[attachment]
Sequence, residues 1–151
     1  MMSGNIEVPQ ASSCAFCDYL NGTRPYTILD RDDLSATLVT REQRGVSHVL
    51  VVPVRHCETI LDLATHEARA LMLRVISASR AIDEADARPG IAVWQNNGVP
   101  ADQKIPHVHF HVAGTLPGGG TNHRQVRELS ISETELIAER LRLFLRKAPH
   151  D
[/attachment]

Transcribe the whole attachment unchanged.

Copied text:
Sequence, residues 1–151
     1  MMSGNIEVPQ ASSCAFCDYL NGTRPYTILD RDDLSATLVT REQRGVSHVL
    51  VVPVRHCETI LDLATHEARA LMLRVISASR AIDEADARPG IAVWQNNGVP
   101  ADQKIPHVHF HVAGTLPGGG TNHRQVRELS ISETELIAER LRLFLRKAPH
   151  D